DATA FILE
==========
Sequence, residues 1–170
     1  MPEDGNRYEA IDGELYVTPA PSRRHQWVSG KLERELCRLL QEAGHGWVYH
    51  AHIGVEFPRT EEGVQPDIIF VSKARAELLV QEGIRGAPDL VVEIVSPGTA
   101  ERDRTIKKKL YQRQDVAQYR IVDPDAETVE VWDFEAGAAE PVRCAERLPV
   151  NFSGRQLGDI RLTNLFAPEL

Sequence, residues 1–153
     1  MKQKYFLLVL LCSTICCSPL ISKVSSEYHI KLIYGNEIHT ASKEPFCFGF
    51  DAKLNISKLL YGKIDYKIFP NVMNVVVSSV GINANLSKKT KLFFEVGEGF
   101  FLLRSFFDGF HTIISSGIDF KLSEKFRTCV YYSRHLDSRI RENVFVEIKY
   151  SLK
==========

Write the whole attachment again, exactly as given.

Sequence, residues 1–170
     1  MPEDGNRYEA IDGELYVTPA PSRRHQWVSG KLERELCRLL QEAGHGWVYH
    51  AHIGVEFPRT EEGVQPDIIF VSKARAELLV QEGIRGAPDL VVEIVSPGTA
   101  ERDRTIKKKL YQRQDVAQYR IVDPDAETVE VWDFEAGAAE PVRCAERLPV
   151  NFSGRQLGDI RLTNLFAPEL

Sequence, residues 1–153
     1  MKQKYFLLVL LCSTICCSPL ISKVSSEYHI KLIYGNEIHT ASKEPFCFGF
    51  DAKLNISKLL YGKIDYKIFP NVMNVVVSSV GINANLSKKT KLFFEVGEGF
   101  FLLRSFFDGF HTIISSGIDF KLSEKFRTCV YYSRHLDSRI RENVFVEIKY
   151  SLK